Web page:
How to Open VS Code from Terminal Mac

As a developer, opening VS Code from the command line in the Terminal application is a great feature. To open VS from Mac Terminal, you must type the command as shown below:


Simple, right? It is, but to get this simple command to work, you will need to do a quick setup.

My name is Eric, and as a software engineer, I am always looking for ways to streamline and make things easier, which makes coding and creating software more efficient. Shortcuts like the one above are one way to do this, and I can show you how.

If you want to see how to set up your VS Code to easily open it from the Terminal application on your Mac, keep reading. I will show you how to set this up and download VS Code for free if you don’t already have it.

Do you have VS Code Installed on your Mac?

Of course, opening VS Code from Terminal requires first having VS Code installed on your Mac. If you have come to this page looking for answers on how to open it from Terminal, chances are you have it installed, but if you don’t, it’s not a problem. I will show you below.

Step 1: Download the free VS Code zip file from Microsoft

Navigate to the link above, and your download of VS Code should start automatically. If it does not, look for the link at the top of the page to start the download. The zip file should end up in your downloads directory, ready to be extracted.

Step 2: Extract the application from the zip file

Use Finder to go to your downloads directory and double-click on the file called This will extract the application file you need to run VS Code. The extracted file will be called Visual Studio

Step 3: Drag the Visual Studio file to Applications

Locate the Visual Studio file in the downloads directory using Finder. Click on the file and drag it to your Applications folder. This will make it available from Launch Pad, and it will be easier to find.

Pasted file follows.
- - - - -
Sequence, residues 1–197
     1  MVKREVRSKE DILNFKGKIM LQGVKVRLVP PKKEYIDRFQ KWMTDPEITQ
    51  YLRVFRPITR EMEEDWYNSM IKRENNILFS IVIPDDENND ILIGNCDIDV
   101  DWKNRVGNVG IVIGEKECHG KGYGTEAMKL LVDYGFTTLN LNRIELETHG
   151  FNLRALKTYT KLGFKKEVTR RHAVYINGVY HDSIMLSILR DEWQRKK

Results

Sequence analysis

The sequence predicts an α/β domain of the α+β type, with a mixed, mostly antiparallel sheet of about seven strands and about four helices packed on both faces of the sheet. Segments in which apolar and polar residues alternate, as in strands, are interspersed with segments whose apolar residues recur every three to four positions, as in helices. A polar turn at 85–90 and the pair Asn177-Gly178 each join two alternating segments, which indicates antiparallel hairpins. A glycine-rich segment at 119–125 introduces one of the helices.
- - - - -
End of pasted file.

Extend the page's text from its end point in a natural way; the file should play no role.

Step 3: Double Click on the Application to start it up

Using Finder or Launch Pad, double-click on the Visual Studio file, and the application will start up.

Configure VS Code to Open from the Terminal Command Line

Once the VS Code application is downloaded and installed, you will need to configure it so that the command to open it is in your path. This is so that when you type the code command in Terminal, it will know the location of the application and be able to open it.

Configuring VS Code to open from the Terminal command line can be done in just a few steps, as shown below.

Step 1: Open VS Code

Open the VS Code application on your desktop by double-clicking on it in Finder or LaunchPad. You should see the application as shown above.

Step 2: Find the Shell configuration command

In the VS Code application, press the SHIFT+COMMAND+P keys. This will display some commands in the search window, as shown below.

Step 3: Type Shell in the search field

In the search field at the top of the VS Code application window, you will see a > character. Type Shell next to the > character in the search field.

Step 4: Run the Shell configuration command

If the command Shell Command: Install ‘code’ command in PATH is selected, you can just hit enter. Otherwise, click on Shell Command: Install ‘code’ command in PATH. You will then see a popup window showing that it will run a script to update the path.

Click OK to continue.